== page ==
Patek Philippe employs artisans who have mastered every specialty in the art of watchmaking, including dial making, at the brand’s subsidiary, Cadrans Flückiger in Saint-Imier. Here’s a closer look.
Making dials for luxury watches is a delicate and complex art. Even the smallest error will be plainly visible on a finished watch. That’s why Patek Philippe has its dials produced by Cadrans Flückiger SA.
The Cadrans Flückiger dial factory, which was established in 1860, was taken over by Patek Philippe in 2004. With this acquisition, the Geneva-based manufacture took the final step toward independence from external suppliers. Cadrans Flückiger relocated to its present quarters in the commercial district of Saint-Imier, in Switzerland’s Jura region, in 2006. The modern, newly built factory provides 2,000 additional square meters of area for new departments and staff, currently about 100 workers. Moreover, the new premises enable Cadrans Flückiger to uphold the strictest environmental standards. The venue offers optimum conditions for the annual production of 100,000 dials, which are produced in batches ranging from 100 to 500 pieces, as well as in small series of one to five. Forty percent of the dials are destined for Patek Philippe. As was the policy prior to the takeover, the remaining 60 percent are delivered to other luxury watch manufacturers.
Between 50 and 110 steps are needed to fabricate a dial for a Patek Philippe watch. The face for a luxury watch begins with the creation of a prototype. Six colleagues collaborate in the prototype division, where they conduct feasibility studies, draft technical drawings, determine the exact specifications for the design and produce patterns. The team in this department is also responsible for fabricating small series and for after-sales service. Serial production begins with the stamping of the blanks. Co-workers first mechanically stamp the eyes for the hands’ staffs and the apertures for windows, if any, from square brass plates. If necessary, presses bevel the edges of the windows. Only in the final step does the dial receive its (usually circular) contour. The subsequent steps are mechanical drilling, milling, deburring, circular graining, and diamond polishing.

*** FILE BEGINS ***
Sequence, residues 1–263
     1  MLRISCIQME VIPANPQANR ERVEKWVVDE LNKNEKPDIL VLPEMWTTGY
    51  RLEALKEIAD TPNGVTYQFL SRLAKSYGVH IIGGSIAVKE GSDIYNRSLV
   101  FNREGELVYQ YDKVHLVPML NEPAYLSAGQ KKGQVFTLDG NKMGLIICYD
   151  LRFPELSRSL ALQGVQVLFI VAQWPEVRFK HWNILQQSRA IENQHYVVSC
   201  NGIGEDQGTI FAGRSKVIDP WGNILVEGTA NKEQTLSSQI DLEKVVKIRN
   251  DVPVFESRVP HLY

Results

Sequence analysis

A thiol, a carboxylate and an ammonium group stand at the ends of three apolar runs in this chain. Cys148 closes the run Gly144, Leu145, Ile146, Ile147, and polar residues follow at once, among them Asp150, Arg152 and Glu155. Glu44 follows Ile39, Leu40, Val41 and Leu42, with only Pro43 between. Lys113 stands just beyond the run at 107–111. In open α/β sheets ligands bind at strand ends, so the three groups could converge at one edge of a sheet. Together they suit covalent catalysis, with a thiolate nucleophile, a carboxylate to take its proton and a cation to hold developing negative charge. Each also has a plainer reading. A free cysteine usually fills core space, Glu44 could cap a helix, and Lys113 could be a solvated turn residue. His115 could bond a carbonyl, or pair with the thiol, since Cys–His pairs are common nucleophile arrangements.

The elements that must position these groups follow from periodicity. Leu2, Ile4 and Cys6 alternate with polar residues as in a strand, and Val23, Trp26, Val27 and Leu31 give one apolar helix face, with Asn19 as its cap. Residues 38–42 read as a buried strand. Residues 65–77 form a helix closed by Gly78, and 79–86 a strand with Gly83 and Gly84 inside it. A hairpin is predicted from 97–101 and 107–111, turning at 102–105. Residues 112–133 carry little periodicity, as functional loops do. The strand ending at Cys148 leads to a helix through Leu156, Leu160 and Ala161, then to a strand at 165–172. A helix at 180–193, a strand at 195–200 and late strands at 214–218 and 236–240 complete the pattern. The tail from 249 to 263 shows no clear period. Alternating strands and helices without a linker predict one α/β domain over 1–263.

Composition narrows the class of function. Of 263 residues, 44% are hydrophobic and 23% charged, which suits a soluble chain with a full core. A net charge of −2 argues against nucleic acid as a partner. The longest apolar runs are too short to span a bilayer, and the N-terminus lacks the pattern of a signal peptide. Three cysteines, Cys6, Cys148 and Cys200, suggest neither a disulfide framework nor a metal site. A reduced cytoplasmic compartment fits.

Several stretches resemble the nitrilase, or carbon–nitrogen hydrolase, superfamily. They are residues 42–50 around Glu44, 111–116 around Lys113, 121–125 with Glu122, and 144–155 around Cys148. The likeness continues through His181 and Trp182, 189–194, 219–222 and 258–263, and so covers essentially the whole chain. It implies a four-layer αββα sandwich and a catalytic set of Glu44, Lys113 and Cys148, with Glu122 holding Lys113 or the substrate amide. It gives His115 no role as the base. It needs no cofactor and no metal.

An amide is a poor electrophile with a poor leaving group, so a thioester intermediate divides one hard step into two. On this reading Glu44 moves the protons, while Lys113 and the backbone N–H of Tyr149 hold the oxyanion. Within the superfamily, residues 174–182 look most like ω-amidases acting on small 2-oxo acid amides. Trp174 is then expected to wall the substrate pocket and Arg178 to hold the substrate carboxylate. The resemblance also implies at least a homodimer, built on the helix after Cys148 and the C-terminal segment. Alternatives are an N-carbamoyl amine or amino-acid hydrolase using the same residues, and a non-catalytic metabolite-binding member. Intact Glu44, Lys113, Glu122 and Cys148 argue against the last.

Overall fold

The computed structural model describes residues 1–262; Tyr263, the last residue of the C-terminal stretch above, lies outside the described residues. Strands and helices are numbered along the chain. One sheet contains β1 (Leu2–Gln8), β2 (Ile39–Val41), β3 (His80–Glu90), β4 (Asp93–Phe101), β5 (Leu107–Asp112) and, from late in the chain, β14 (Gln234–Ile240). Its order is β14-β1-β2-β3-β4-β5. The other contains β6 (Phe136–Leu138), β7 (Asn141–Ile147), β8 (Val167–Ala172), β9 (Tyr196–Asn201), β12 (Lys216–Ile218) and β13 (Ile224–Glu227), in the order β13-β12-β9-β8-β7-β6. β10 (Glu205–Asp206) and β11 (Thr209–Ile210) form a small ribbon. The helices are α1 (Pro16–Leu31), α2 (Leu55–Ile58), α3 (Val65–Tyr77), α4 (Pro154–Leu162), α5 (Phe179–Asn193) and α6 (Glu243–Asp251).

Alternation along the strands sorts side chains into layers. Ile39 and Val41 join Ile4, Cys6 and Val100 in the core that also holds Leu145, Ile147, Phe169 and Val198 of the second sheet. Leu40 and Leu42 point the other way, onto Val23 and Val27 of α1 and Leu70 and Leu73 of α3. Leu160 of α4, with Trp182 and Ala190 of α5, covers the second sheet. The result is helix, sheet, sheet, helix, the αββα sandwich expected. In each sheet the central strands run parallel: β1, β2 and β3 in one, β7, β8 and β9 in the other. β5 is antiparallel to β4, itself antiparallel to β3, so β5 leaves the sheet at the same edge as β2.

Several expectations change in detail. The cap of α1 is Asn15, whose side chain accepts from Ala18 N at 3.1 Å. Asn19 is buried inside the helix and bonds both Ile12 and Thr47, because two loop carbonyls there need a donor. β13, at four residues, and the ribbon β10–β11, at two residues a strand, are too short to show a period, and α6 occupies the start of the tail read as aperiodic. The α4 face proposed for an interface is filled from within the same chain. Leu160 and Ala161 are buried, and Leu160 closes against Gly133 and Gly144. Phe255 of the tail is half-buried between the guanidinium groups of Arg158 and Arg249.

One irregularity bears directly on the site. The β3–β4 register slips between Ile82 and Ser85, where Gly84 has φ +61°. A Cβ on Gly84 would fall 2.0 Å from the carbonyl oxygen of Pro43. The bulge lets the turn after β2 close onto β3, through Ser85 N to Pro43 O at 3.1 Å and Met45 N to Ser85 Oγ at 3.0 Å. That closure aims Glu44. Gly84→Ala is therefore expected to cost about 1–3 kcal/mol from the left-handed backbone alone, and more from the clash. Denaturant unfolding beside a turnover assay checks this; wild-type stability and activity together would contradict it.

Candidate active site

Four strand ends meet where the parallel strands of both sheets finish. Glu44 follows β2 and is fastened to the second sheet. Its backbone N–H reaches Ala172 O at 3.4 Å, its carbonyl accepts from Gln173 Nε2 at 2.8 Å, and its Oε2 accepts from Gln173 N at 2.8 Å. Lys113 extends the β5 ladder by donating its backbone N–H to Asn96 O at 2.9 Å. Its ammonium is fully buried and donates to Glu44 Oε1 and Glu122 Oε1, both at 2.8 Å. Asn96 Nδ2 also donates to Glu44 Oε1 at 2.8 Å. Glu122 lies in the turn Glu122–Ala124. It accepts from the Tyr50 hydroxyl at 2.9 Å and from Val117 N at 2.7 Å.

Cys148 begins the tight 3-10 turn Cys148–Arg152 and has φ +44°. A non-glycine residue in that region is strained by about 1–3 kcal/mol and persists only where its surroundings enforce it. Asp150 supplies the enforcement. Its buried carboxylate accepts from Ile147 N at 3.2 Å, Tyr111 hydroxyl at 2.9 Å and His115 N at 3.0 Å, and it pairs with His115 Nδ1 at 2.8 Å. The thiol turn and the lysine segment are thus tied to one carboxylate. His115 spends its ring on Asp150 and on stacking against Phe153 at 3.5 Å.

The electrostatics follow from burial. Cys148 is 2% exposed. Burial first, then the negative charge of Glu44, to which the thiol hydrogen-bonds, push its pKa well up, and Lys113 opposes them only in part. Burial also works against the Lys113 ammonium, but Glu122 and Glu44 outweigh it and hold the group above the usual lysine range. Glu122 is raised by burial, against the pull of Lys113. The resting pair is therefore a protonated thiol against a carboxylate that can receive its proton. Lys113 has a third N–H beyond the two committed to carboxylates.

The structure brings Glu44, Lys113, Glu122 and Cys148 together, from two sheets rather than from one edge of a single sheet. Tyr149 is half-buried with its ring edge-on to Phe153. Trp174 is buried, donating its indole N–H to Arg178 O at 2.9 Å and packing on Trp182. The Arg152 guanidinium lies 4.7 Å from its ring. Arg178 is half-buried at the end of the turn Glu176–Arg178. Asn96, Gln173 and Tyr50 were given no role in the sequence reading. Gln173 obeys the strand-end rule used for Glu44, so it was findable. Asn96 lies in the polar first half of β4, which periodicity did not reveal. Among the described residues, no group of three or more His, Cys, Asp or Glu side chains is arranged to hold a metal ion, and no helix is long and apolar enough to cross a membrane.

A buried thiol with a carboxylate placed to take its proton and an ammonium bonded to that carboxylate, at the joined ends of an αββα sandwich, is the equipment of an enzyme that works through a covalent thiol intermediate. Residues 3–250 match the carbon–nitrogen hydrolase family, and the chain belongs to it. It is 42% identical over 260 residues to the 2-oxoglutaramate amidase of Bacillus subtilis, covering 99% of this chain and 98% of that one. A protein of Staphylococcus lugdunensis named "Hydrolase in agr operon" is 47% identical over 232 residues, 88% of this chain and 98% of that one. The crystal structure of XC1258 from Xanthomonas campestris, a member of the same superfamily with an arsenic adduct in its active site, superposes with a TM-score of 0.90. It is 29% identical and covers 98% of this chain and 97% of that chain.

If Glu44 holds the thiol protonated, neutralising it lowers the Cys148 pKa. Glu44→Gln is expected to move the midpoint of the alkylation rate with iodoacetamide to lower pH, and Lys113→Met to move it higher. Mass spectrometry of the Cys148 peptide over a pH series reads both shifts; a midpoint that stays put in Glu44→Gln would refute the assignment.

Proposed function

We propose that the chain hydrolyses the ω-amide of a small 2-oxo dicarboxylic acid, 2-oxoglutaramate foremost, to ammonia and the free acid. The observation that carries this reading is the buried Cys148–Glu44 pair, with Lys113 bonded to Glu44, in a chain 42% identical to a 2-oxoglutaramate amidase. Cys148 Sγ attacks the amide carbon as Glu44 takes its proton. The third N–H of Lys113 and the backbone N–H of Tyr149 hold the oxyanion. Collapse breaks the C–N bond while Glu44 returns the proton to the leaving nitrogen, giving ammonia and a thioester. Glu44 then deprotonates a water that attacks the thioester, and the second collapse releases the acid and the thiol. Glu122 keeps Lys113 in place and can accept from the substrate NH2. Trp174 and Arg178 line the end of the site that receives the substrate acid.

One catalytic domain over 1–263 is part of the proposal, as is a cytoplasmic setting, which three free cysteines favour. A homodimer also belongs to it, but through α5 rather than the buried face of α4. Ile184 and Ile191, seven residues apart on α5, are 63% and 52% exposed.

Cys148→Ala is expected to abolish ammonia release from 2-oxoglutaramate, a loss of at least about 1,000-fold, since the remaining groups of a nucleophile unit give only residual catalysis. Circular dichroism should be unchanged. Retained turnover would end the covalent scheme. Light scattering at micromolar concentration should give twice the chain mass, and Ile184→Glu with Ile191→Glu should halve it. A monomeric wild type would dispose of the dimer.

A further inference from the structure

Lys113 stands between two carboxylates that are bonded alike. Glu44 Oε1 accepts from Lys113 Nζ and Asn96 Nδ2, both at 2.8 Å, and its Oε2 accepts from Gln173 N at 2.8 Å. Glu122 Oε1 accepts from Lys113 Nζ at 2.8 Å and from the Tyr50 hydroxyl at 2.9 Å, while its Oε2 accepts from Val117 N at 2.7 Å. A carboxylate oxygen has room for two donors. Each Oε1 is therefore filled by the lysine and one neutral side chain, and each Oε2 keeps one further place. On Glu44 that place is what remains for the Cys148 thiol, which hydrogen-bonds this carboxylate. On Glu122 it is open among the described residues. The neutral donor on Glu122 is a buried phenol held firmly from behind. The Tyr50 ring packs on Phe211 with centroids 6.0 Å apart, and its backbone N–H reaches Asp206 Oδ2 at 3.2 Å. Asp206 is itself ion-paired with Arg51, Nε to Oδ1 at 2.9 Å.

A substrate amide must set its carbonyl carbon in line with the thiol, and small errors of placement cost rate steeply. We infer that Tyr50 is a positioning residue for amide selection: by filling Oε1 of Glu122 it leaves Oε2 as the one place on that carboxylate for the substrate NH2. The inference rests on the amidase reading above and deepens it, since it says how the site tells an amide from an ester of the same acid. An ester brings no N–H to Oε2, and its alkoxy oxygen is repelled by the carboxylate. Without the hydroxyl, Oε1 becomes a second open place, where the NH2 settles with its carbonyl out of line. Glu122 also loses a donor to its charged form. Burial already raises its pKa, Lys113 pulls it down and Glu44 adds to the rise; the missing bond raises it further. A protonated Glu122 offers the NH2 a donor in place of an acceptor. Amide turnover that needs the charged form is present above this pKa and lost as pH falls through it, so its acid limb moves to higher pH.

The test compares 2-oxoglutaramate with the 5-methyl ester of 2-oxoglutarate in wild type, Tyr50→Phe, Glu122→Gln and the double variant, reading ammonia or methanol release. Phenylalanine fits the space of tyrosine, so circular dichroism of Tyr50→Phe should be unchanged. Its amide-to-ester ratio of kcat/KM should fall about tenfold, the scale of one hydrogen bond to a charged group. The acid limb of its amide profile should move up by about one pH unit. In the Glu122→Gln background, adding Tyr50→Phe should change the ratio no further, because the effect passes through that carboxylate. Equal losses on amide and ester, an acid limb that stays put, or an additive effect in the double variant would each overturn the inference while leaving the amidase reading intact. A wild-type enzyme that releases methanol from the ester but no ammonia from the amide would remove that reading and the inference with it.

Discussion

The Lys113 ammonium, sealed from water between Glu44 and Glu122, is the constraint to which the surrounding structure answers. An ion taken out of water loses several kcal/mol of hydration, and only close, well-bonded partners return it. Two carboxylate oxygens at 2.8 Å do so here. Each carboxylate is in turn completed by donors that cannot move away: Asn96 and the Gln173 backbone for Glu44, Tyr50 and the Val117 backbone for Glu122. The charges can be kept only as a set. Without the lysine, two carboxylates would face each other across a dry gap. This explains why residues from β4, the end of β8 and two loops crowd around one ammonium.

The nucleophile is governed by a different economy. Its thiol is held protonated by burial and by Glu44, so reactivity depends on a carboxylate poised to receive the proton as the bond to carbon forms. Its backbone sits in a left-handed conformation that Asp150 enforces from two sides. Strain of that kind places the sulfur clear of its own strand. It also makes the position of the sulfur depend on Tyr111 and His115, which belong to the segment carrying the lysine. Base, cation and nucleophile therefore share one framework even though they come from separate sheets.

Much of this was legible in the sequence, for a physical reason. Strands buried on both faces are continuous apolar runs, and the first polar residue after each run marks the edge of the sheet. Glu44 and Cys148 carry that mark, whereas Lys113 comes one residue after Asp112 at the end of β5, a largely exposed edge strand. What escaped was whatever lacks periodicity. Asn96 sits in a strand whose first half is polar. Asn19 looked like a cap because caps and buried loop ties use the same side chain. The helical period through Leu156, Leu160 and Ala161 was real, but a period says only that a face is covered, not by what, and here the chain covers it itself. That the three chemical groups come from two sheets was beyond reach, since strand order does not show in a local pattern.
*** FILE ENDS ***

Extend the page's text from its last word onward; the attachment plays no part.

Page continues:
Next comes the surface processing. Dials may be matte finished, brushed to a satin finish, sandblasted, or adorned with a sunburst pattern. Pressurized jets, abrasive disks, or handheld brushes can be used, depending on the desired finish. Afterwards, the parts that will ultimately become the watches’ dials are immersed in an electroplating bath, where they acquire a coating of nickel, rhodium, ruthenium, silver or gold. The layer that precipitates onto the metal substrate in the course of this electrolytic process is between 0.00001 mm and 0.015 mm in thickness. The latter value is 1,500 times thicker than the former, but is nonetheless four times thinner than an average strand of human hair. Multiple immersions in a chemical bath give the dials their final color. The spectrum of hues is theoretically unlimited, but Patek Philippe usually opts for understated tones such as silver, gold, brown, gray, blue, or black.
In addition to these techniques, the artisans at Cadrans Flückiger have also mastered diverse specialties that make the dials of the haute horlogerie timepieces into miniature works of art. Guilloché embellishment, for example, is applied with the aid of antique machines that rely entirely on mechanical means to transform complex decorative designs on large-format templates into tiny engraved patterns on the watches’ dials. Enameling demands absolute mastery of the materials and several kiln firings, each of which could potentially destroy the component. And gemstone setters must work with the utmost care to ensure, for example, that each diamond is firmly mounted and can best reveal its sparkle.
An artisan who practices any of these techniques must scrupulously avoid even the slightest inaccuracy. Anything less would betray the trust that Patek Philippe’s clients place in the high art of watchmaking.
Patek Philippe also fabricates appliqués at the same site. This assures that the indexes for the hours and minutes, as well as the frames that surround windows in dials, perfectly harmonize with the base layer. The production of appliqués also involves cutting the proper shapes for indexes, stamping and pressing the anchoring feet, and faceting the indexes.
Patek Philippe, as well as other luxury brands, insists that the faceting must be manually executed. In the assembly phase, skilled artisans insert the appliqués into the appropriate borings and anchor the appliqués by riveting or soldering on the underside of the dial.
A meticulous final quality control is the last step in a long series of examinations that guarantee that each watch’s dial is immaculately fabricated.